It was snowy, very snowy and icy as we loaded the kids in the car and trekked to Nicole’s house. Yes, they were already crying, but they would cheer up with a little bribery; I had a pocketful of suckers just for that purpose.

We tramped snow all over my sister-in-law’s carpet and then the kids proceeded to pull out every toy that my nephew had neatly stashed in the cubbies on the wall. Soon we could not take a step without fear of tripping. Erik and I sat on the deep beige couches and waited for Nicole’s brother to arrive and take control of the situation.

When he arrived, the brother looked quite unprepared for the sight that greeted him. He started setting up his camera in the bedroom, and we decided to have the three of them lie down on the bed, chins on folded hands, Reese in the middle, boy cousin on either side. Erik and my sister-in-law held up a sheet behind them. 

It may have been a split second that they all lay there in a row, or maybe a millisecond. Then just as the brother moved behind his camera, shrieks burst out of Reese like she had been poked with a pin. As if fired from a pair of cannons, Jack and Solomon’s bodies hurtled into the air and began bouncing off the sweet blue linen bedspread, limbs flailing and mouths wide open in exhilarated screams. Their closeness in age paid giant dividends in their ability to match bounce for bounce, scream for scream, as if they were doing a synchronized routine. I mean, put a kid on a bed and tell him not to jump! Jack did a backwards somersault off the bed and Solomon ricocheted off the headboard. Reese somehow got caught in between them and screamed bloody murder, her crumpled face covered in snot.

So we repositioned them. Lie still. Lie still. Just for a minute. Reese, smile! Jack, look at the camera! Solomon, move closer to Reese! Smile! Hey! Smile!

Jack and Solomon began wrestling like young lions. Even though they are cousins, they are still strangers. And the competition over who would dominate the middle of the bed became fierce. Not to be outdone, Reese slid off the bed and rushed toward the camera, sobbing, “All done!” Her hair, carefully pulled back with a purple rubber band, was sticking to her face in clumps. I pulled out the suckers: bait.

The adults then entered into a jerky sort of slow-motion dance, like life-size marionettes. Repositioning, beseeching, tugging, crawling on the ground. My brother came in and Nicole’s brother’s wife arrived, so there were six adults to three children, all of us equally useless. We waved toys. We sang songs. We clucked and clicked like idiots. A decorative Santa with a fat tush who gyrated along to “Jingle Bell Rock” worked for half a second. But even with all of us on tiptoe, shouting, gesticulating and cursing under our breath, the children still roiled across the bed like an ocean.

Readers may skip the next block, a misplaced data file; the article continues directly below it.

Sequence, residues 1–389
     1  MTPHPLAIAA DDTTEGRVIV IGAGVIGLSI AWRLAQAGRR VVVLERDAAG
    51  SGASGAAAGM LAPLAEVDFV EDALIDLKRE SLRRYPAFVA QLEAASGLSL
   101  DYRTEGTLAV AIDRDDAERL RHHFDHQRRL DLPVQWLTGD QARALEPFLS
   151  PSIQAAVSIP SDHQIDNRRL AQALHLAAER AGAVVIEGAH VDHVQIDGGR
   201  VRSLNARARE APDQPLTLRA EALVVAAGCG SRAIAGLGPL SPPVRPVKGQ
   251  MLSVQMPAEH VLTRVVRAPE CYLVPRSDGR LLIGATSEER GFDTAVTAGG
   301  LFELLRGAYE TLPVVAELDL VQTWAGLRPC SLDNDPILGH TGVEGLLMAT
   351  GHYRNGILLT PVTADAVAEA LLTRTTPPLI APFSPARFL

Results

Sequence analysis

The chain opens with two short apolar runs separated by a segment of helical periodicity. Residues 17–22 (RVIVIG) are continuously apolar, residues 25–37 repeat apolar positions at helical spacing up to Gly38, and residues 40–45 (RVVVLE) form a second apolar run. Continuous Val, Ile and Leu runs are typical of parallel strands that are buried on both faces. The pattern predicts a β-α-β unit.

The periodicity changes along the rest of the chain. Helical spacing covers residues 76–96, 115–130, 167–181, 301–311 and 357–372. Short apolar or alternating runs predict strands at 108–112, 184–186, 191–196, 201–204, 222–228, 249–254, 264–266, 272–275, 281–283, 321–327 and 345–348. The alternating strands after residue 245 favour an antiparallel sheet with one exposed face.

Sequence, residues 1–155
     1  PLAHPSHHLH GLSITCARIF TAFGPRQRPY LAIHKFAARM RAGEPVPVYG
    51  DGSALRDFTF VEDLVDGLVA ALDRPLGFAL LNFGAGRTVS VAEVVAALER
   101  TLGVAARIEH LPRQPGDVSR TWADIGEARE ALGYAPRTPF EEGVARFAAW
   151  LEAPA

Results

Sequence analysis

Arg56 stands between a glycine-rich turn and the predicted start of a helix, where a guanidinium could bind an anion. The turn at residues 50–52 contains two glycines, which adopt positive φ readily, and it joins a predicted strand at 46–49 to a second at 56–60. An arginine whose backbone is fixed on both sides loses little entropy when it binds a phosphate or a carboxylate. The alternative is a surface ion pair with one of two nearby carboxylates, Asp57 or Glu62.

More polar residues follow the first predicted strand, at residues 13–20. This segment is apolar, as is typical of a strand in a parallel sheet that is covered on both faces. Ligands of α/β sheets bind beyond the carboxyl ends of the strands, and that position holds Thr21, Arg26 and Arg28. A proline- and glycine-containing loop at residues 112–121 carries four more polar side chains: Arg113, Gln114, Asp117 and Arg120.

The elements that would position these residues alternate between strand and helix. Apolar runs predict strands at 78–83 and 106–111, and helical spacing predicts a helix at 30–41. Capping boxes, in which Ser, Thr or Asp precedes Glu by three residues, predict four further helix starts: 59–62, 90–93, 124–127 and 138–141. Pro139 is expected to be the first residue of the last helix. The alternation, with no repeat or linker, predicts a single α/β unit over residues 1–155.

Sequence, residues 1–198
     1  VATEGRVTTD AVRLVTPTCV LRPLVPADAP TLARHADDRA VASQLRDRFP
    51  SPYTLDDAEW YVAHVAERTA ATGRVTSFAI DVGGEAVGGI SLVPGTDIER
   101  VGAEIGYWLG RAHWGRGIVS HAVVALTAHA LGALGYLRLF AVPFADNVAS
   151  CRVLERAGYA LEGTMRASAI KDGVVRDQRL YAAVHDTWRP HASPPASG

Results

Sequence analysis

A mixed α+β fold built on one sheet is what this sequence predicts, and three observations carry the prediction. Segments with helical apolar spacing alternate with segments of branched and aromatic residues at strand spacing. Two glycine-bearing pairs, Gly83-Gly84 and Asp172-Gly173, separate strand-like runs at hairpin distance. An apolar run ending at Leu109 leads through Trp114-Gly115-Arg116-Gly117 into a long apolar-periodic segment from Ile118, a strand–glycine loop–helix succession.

In good faith the brother snapped frame after frame, hoping for just that one, but even after we took a 10-minute break and tried to line up the kids on the couch, propped on charming pillows, he shook his head and confirmed what we all feared, there was not a single good picture. Not one of them all smiling, let alone all looking at the camera. Their faces were contorted in all sorts of maddening expressions but nothing that remotely resembled a smile. Their clothes were wrinkled and their faces were sticky from the suckers.

This was a major waste of everyone’s time. I was not going to be able to Facebook or pin these photos or even frame them. 

“I did not know this was going to be this hard,” I said to Nicole. “I would never have tried if I had known.”

“I know,” she said. “Me either.”

I’m a little ashamed to admit how frustrated I was. If I’ve learned anything as a parent, it’s that kids are not particularly malleable. What you expect them to do, they almost certainly won’t. We once took Jack to this hot air balloon festival. I had imagined how his face would light up as he saw the huge, colorful orbs sweep into the sky, and how fascinated he would be by the whoosh-hush as the balloons breathed their way higher. But Jack did not even notice the balloons. He was much more interested in the twinkling lights on the festival booths nearby.  I felt a little disappointed and maybe even a little angry.

 That’s how I felt at the “photo shoot” that had become “shoot me now.” I know that things don’t ever stay still or quiet. There is always an urgent, violent and unpredictable child flying around on the bed. But truthfully, I like being in control a lot. A whole lot.

And then the brother started laughing. He was clicking back through the photos he had taken over the past chaotic, disastrous hour. “Look at this!” he exclaimed. “This is hilarious.”

 All the adults crowded around the camera. On the screen, our children appeared to be caught in the midst of a hurricane. At least, it looked like some force of nature had descended on them and their eyes were closed, mouths open and bodies entangled. In one, Jack and Solomon looked downright demonic. On her own little island of misery, Reese was awash in tears and sucker goo. The bedspread was mangled and the sheet was falling down.